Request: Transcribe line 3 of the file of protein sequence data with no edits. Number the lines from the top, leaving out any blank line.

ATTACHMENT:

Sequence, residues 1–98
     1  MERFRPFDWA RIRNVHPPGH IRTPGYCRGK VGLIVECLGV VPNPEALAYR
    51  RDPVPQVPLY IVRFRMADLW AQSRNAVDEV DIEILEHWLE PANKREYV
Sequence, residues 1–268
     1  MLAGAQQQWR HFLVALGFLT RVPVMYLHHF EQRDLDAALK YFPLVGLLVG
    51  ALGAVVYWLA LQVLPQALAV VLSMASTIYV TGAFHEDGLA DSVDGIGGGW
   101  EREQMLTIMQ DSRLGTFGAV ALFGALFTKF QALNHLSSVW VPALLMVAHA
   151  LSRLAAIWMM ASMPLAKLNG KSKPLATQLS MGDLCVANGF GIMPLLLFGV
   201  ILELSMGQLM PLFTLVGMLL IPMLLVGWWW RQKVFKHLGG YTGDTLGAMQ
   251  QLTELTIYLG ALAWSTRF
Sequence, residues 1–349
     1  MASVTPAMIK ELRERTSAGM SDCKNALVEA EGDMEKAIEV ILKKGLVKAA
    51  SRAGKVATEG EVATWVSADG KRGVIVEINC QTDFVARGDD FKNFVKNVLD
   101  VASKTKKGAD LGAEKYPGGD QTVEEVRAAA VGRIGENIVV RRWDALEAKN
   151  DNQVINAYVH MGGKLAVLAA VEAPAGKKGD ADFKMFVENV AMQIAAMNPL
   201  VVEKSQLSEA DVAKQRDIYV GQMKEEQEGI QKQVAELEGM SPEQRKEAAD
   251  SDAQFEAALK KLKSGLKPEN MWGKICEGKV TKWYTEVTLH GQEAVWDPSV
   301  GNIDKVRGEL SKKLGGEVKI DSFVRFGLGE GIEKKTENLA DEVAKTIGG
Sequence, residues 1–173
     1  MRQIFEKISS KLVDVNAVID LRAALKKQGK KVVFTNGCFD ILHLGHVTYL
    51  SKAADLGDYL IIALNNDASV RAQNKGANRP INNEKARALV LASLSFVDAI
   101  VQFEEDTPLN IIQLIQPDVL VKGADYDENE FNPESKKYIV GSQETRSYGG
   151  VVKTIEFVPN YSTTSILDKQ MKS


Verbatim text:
    51  RDPVPQVPLY IVRFRMADLW AQSRNAVDEV DIEILEHWLE PANKREYV